The Street: A Film with the Homeless
Every day, on the streets of Canada's cities, we pass them on our way to work or school. Bums, beggars, winos, bag people we call them. But who is the person at the end of that outstretched arm? What is life on the street really like? Is there a way off the street? For six years, director Daniel Cross followed the lives of brothers Danny and John Claven and Frank O'Malley--three homeless men who spent much of their time in and around a Montreal subway station. Cross became intimately involved with the three men's lives, chronicling the evolution of their years on the street, and their cycles of addiction and recovery, hope and despair. Filmed in a cinema verité style, The Street: A Film With the Homeless is unique: it humanizes the homeless, breaking down the barrier between us and them, neither moralizing nor offering easy answers. The winner of a Special Jury Award for Documentaries at the Vancouver International Film Festival in 1996 and the People's Choice Award at the 1997 Canadian International Documentary Film Awards in Toronto, this is a gritty, compelling look at life on the streets that moves beyond the media stereotypes to show both the humanity of the homeless and the street-toughened aspects of their existence.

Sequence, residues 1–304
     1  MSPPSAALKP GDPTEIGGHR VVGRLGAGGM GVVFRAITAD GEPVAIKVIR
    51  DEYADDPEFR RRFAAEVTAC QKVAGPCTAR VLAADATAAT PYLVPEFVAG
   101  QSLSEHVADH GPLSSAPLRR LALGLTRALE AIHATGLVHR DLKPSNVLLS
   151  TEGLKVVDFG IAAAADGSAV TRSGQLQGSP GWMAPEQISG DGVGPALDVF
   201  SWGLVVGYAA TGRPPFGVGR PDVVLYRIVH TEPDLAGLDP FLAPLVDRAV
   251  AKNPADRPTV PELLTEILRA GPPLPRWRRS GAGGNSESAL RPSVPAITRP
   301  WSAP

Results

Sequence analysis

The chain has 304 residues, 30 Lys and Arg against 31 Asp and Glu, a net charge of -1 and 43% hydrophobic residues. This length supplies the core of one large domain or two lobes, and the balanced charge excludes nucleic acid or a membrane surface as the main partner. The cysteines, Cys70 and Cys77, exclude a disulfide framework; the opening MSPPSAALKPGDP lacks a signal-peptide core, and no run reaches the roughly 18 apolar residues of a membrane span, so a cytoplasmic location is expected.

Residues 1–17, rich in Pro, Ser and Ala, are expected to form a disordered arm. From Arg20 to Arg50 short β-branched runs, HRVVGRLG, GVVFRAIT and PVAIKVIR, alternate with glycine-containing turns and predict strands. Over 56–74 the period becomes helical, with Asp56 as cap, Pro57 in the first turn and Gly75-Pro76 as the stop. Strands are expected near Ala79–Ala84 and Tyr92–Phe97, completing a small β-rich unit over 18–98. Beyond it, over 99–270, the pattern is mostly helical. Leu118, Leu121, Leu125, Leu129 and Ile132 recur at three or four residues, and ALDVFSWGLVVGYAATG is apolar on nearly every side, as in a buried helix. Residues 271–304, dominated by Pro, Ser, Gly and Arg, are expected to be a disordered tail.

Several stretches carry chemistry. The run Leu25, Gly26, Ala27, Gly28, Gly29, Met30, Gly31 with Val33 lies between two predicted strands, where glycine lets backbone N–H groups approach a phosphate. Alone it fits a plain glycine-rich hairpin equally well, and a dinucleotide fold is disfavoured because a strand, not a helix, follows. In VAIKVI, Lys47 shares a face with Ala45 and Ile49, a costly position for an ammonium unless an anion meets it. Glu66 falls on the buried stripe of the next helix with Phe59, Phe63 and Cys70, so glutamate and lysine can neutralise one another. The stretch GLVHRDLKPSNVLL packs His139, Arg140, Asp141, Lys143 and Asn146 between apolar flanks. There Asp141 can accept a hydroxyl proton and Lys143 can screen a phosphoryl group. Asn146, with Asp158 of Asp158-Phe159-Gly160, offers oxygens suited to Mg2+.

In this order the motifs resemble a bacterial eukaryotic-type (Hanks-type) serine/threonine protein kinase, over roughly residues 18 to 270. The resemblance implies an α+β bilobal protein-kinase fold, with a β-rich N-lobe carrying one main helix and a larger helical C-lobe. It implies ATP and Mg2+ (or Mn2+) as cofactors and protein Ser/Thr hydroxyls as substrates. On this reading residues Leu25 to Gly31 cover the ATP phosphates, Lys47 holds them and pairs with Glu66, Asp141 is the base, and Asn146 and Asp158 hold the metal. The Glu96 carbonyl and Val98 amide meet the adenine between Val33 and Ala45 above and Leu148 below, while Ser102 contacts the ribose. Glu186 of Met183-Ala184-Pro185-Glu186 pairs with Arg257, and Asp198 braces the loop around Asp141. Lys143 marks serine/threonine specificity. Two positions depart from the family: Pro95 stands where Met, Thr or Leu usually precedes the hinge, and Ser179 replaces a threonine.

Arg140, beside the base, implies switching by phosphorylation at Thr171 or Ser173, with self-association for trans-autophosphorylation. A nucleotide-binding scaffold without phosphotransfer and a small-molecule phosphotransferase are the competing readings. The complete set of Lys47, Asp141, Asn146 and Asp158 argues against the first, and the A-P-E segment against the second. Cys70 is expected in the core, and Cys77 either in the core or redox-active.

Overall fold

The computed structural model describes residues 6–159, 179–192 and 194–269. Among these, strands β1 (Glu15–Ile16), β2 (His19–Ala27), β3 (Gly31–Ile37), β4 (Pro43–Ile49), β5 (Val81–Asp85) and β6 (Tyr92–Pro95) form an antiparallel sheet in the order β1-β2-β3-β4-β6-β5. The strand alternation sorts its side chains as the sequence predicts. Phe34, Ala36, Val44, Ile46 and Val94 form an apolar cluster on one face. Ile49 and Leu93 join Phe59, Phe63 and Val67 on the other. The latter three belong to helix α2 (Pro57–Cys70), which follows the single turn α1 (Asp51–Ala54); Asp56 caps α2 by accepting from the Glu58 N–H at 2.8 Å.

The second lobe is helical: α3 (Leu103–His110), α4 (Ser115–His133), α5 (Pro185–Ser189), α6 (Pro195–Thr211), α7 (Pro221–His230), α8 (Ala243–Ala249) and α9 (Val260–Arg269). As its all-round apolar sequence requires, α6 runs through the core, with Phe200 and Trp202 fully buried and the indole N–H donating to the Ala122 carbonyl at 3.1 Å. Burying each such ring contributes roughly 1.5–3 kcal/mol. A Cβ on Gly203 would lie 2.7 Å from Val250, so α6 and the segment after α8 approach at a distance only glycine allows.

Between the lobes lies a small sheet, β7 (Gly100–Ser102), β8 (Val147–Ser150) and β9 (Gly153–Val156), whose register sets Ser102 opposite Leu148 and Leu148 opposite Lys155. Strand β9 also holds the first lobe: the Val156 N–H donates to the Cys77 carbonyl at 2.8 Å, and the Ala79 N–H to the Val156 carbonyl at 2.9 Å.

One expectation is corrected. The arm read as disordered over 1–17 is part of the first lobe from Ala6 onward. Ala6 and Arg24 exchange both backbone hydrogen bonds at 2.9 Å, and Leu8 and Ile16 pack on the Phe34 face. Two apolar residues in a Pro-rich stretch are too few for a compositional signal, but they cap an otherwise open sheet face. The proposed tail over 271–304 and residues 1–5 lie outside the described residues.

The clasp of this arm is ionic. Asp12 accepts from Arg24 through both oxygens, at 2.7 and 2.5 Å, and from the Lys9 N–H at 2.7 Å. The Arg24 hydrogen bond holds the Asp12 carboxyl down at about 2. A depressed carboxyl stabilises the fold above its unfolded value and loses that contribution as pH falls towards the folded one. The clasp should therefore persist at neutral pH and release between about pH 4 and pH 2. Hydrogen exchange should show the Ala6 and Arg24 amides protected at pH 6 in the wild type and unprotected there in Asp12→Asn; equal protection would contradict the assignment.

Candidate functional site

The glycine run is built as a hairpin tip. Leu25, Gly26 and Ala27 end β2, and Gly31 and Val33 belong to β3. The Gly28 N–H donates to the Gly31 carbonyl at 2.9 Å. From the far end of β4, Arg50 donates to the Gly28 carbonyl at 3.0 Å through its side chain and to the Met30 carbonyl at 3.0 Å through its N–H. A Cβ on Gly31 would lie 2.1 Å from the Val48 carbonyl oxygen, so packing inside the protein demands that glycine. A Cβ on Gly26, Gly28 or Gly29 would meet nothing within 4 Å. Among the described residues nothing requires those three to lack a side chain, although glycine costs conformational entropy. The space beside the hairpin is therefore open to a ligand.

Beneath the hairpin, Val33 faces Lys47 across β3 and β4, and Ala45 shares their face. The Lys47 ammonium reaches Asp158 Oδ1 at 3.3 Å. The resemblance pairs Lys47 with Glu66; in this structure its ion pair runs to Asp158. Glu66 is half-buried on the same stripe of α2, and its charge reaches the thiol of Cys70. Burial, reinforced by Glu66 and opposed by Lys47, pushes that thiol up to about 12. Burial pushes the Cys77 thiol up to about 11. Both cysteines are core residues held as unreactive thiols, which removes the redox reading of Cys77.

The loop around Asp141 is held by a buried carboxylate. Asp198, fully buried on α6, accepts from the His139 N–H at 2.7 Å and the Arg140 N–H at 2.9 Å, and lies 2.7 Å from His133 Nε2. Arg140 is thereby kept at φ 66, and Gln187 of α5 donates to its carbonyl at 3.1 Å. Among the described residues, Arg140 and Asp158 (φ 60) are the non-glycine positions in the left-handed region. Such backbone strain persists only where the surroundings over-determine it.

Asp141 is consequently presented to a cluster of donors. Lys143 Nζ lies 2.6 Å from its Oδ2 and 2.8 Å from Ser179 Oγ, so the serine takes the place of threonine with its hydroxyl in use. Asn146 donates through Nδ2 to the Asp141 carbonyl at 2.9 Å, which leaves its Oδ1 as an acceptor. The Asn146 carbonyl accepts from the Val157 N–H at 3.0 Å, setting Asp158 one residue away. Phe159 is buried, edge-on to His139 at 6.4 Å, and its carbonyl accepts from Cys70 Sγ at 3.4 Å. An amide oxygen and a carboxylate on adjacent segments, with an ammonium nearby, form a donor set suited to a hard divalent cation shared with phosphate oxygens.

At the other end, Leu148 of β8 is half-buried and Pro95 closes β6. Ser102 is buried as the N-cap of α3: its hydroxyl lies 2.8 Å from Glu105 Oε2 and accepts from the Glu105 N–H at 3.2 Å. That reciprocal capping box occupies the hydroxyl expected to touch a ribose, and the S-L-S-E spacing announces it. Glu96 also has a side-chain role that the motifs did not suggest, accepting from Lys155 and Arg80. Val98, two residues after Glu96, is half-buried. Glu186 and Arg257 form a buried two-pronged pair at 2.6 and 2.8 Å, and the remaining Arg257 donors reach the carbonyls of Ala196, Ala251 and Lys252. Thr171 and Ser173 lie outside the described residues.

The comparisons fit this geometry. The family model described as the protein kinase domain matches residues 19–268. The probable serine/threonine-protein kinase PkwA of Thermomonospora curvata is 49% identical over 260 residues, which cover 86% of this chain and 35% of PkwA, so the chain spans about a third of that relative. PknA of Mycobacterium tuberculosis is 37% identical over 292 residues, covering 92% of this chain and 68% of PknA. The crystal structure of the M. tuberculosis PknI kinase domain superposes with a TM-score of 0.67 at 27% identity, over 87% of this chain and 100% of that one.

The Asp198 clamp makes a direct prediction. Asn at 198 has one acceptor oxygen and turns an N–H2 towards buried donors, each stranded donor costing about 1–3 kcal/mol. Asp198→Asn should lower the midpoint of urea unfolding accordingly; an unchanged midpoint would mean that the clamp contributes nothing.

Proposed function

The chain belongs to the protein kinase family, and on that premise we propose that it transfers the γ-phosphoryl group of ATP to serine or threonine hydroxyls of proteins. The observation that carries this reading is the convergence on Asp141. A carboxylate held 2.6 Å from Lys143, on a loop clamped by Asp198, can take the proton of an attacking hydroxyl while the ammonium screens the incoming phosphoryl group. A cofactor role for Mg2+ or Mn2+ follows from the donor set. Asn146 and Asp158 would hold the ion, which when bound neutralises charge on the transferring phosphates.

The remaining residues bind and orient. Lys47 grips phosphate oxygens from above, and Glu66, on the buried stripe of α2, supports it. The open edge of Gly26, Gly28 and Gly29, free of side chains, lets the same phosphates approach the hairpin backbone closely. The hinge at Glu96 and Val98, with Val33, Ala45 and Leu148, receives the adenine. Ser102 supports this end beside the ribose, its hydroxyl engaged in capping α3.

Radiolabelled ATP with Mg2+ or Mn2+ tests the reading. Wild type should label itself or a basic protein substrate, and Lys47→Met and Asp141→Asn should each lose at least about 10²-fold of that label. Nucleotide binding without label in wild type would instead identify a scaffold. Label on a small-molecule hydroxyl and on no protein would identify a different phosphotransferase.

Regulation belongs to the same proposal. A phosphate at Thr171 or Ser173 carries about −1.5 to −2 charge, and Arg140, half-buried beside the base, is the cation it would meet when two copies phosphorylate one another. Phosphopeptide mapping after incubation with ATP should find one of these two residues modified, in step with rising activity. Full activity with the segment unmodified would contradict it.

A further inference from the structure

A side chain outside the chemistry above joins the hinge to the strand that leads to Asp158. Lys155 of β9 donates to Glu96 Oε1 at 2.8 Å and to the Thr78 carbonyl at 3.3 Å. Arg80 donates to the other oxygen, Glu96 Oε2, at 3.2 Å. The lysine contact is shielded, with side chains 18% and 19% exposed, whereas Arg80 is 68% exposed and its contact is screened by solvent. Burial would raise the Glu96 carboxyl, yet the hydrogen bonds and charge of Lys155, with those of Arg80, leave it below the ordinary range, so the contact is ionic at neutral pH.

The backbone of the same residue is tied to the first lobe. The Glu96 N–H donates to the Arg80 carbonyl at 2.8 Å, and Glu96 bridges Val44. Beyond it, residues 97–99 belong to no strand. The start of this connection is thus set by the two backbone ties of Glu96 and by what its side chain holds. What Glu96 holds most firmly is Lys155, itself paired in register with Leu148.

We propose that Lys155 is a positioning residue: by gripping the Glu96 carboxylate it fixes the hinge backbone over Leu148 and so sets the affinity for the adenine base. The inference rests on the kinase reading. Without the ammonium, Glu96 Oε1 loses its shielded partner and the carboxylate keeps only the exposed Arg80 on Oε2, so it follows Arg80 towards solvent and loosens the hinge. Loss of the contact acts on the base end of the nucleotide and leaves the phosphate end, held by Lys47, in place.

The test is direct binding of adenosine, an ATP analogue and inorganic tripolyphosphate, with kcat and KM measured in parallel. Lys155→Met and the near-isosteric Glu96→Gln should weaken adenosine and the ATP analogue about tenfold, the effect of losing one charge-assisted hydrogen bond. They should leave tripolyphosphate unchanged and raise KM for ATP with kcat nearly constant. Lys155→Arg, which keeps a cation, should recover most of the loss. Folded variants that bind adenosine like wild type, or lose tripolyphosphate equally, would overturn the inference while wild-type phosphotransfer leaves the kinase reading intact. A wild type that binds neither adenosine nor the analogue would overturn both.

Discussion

1997, 58 min 24 s
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